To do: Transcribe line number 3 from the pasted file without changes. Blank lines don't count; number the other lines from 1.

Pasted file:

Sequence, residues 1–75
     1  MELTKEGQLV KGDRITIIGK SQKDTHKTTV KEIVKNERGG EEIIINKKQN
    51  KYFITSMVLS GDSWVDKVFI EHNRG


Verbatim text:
    51  KYFITSMVLS GDSWVDKVFI EHNRG